A sense of worth
To have a sense of our own worth, to feel that we can contribute something to the world's work, to value ourselves even when others may not appreciate us - these attitudes are essential to our satisfaction and well-being.
But how do we achieve this feeling of worth when, for instance, we feel defeated by everyday tasks, or can't measure up at the office, or when we feel unable to come up with a helpful answer for a friend in distress? Is there a way out of self-distrust and self-condemnation? Yes, there most assuredly is.
For a lasting, genuine feeling of worth we first need a better understanding of who we truly are. In I John we can find a description of our true identity: ''Beloved, now are we the sons of God.''n1 And Paul reaffirms this in his letter to the Romans: ''The Spirit itself beareth witness with our spirit, that we are the children of God: and if children, then heirs; heirs of God, and joint-heirs with Christ.''n2 The sons of God, His heirs! What a legacy! Inheritors of the limitless good that derives from our creator.
n1 I John 3:2.
n2 Romans 8:16, 17.
As the expression of His wholeness and perfection, our actual nature is unquestionably worthy. Isn't it important that we value this nature, that we think lovingly of the good in ourselves, which we know comes from God - and that we do this as an essential part of each day?
Too often, though, people tend to ''knock'' themselves with such spoken or unspoken thoughts as ''How stupid of me!'' ''I've never been good at that.'' ''Why can't I ever get anything right?'' Certainly self-examination is requisite. We need to face up to our shortcomings and overcome them. But if we continually identify ourselves with stupidity, inadequacy, or carelessness, how can we expect such traits to diminish? And how can we experience the feeling of worth we long for?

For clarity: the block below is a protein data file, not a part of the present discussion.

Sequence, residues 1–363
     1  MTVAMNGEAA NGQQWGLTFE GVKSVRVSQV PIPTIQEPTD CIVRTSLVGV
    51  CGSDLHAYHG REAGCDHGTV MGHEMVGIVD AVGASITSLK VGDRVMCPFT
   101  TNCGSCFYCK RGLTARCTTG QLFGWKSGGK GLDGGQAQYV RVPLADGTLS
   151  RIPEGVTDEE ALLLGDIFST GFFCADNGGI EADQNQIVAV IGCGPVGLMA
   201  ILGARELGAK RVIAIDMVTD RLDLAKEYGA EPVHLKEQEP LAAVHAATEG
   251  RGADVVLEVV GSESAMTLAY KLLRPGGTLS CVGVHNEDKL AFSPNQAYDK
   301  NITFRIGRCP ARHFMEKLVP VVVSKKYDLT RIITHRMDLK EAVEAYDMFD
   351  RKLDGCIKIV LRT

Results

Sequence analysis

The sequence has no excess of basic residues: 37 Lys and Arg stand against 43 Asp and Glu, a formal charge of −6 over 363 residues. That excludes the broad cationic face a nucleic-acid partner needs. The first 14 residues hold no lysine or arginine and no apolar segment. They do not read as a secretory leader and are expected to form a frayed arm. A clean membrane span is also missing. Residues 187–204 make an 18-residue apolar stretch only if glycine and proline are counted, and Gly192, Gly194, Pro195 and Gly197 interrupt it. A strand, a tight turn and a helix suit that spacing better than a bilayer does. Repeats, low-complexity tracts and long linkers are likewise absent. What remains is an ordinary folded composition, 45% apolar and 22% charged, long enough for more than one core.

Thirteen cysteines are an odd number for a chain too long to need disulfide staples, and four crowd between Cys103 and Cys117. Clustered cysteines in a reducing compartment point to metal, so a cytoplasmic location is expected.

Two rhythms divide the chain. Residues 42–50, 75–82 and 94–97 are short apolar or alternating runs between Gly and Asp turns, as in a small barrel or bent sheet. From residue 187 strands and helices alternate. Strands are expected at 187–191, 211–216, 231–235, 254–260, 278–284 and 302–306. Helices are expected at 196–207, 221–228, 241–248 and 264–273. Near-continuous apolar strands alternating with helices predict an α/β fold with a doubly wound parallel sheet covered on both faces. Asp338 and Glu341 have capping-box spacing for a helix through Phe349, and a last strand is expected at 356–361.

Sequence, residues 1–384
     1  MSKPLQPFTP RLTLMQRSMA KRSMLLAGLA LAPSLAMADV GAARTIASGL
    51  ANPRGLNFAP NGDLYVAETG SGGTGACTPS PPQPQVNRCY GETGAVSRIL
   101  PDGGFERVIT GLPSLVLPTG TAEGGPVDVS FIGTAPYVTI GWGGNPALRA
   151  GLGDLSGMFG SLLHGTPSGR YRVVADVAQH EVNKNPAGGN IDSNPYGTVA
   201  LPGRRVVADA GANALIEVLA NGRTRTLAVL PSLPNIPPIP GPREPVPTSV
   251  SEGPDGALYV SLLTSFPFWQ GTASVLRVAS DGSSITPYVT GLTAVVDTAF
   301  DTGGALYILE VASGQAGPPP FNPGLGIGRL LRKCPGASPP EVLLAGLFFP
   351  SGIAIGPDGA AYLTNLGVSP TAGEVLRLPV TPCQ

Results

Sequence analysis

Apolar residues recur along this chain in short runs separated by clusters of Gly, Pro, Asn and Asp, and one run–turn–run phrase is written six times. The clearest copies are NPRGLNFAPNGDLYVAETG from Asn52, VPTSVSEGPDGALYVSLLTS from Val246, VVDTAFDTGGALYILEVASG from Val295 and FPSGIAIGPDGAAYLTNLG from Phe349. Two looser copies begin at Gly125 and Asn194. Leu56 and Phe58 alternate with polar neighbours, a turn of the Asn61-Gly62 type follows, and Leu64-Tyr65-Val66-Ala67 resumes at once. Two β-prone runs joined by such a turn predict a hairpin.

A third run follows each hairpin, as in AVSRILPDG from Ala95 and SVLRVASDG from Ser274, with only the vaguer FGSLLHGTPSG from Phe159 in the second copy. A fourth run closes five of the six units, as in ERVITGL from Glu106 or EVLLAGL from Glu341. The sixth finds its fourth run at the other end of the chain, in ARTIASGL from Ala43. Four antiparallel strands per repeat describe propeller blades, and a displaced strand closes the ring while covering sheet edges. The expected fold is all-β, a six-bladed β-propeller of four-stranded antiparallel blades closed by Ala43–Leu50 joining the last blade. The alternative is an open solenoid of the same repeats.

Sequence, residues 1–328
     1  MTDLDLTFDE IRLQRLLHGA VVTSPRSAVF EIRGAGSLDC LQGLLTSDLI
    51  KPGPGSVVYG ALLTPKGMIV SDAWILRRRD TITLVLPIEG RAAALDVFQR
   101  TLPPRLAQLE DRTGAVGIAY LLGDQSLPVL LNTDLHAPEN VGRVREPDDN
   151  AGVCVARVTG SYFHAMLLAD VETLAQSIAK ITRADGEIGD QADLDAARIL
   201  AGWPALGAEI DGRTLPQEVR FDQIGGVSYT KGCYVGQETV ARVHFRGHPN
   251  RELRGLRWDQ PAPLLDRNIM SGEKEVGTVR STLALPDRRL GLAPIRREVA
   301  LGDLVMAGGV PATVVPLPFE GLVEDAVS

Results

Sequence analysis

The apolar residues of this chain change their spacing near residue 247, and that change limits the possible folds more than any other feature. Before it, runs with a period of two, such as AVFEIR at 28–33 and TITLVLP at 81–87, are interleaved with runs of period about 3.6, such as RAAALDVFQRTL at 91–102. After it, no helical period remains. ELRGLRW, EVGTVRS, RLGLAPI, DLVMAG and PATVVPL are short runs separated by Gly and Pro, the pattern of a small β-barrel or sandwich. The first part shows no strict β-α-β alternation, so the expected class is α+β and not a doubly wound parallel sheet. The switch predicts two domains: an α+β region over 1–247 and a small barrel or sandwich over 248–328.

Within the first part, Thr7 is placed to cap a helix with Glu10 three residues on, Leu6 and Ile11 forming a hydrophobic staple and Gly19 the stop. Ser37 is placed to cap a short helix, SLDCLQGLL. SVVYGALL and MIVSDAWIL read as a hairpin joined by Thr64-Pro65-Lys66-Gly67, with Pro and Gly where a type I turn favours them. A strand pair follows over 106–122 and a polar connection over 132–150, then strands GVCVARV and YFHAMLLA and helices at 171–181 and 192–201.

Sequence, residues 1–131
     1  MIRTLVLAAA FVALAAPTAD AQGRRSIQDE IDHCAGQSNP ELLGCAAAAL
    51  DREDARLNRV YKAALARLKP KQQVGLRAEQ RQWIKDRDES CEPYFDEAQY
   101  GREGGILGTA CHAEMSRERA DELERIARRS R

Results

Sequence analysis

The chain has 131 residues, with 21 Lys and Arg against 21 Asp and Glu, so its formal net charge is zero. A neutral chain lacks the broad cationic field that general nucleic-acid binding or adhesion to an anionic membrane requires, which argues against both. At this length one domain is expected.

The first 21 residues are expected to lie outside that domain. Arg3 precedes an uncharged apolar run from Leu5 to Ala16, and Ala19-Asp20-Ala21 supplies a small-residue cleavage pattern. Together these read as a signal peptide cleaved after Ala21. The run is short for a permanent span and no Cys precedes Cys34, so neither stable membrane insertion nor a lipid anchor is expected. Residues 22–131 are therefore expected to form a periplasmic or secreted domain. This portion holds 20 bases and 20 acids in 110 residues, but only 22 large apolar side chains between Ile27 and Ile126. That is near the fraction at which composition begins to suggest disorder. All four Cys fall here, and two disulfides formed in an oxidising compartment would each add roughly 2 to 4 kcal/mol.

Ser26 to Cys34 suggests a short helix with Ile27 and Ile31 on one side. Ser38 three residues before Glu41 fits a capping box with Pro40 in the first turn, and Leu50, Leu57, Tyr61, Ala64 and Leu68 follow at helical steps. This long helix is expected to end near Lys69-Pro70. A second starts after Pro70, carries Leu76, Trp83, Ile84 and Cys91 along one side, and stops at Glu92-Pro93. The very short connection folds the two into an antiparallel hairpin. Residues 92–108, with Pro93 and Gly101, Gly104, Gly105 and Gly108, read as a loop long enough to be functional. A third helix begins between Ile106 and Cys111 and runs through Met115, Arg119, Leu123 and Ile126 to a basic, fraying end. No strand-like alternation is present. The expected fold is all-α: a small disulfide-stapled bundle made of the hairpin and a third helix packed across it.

So a second need is to affirm about ourselves only what we want to have manifested in our lives. This may seem a large order, but it is important to persist in this work, even if our progress is modest. The ideal of spiritual perfection is our goal, and the present fact of our real being. But it's achieved by degrees. To love the love we are expressing and the motives that inspire us to enlarge our concept of love - this helps to meet the ideal. And to appreciate the intelligence, foresight, comprehension,and ability we are now showQng helps to pave the - for contributing more. Love, intelligence, ability, are attributes of God, who is Love itself and the one perfect Mind. And because we are the offspring of God, there is really no limit to what we can express of these qualities.
A third vital element in firming up our sense of worth is to actm in accord with our higher view of ourselves. ''We must look where we would walk, and we must act as possessing all power from Him in whom we have our being,''n3 writes Mary Baker Eddy, the Discoverer and Founder of Christian Science. Action impelled by prayer and by identification of ourselves as God's offspring, has the Christ-love abiding in it - the spirit of love that Christ Jesus expressed - and therefore has the strength of the Christ to fulfill and complete its purpose. The Christ purifies our motives, making them unselfish, and helps us to discern not only our own worth but the worth of each individual we come in contact with. In this way we uplift our means of doing good, and we find that suggestions of ''can't do'' or ''don't want to do'' are no longer part of our thinking.
n3 Science and Health with Key to the Scriptures, p. 264.
We'll also find the happiness and contentment that unselfish love always brings. After a lifetime of learning, Mrs. Eddy wrote, ''Happiness consists in being and in doing good; only what God gives, and what we give ourselves and others through His tenure, confers happiness: conscious worth satisfies the hungry heart, and nothing else can.''n4
n4 Message to the Mother Church for 1902, p. 17
If this is the satisfaction we are seeking, it can be attained, and the way is open. DAILY BIBLE VERSE Let patience have her perfect work, that ye may be perfect and entire, wanting nothng. James 1:4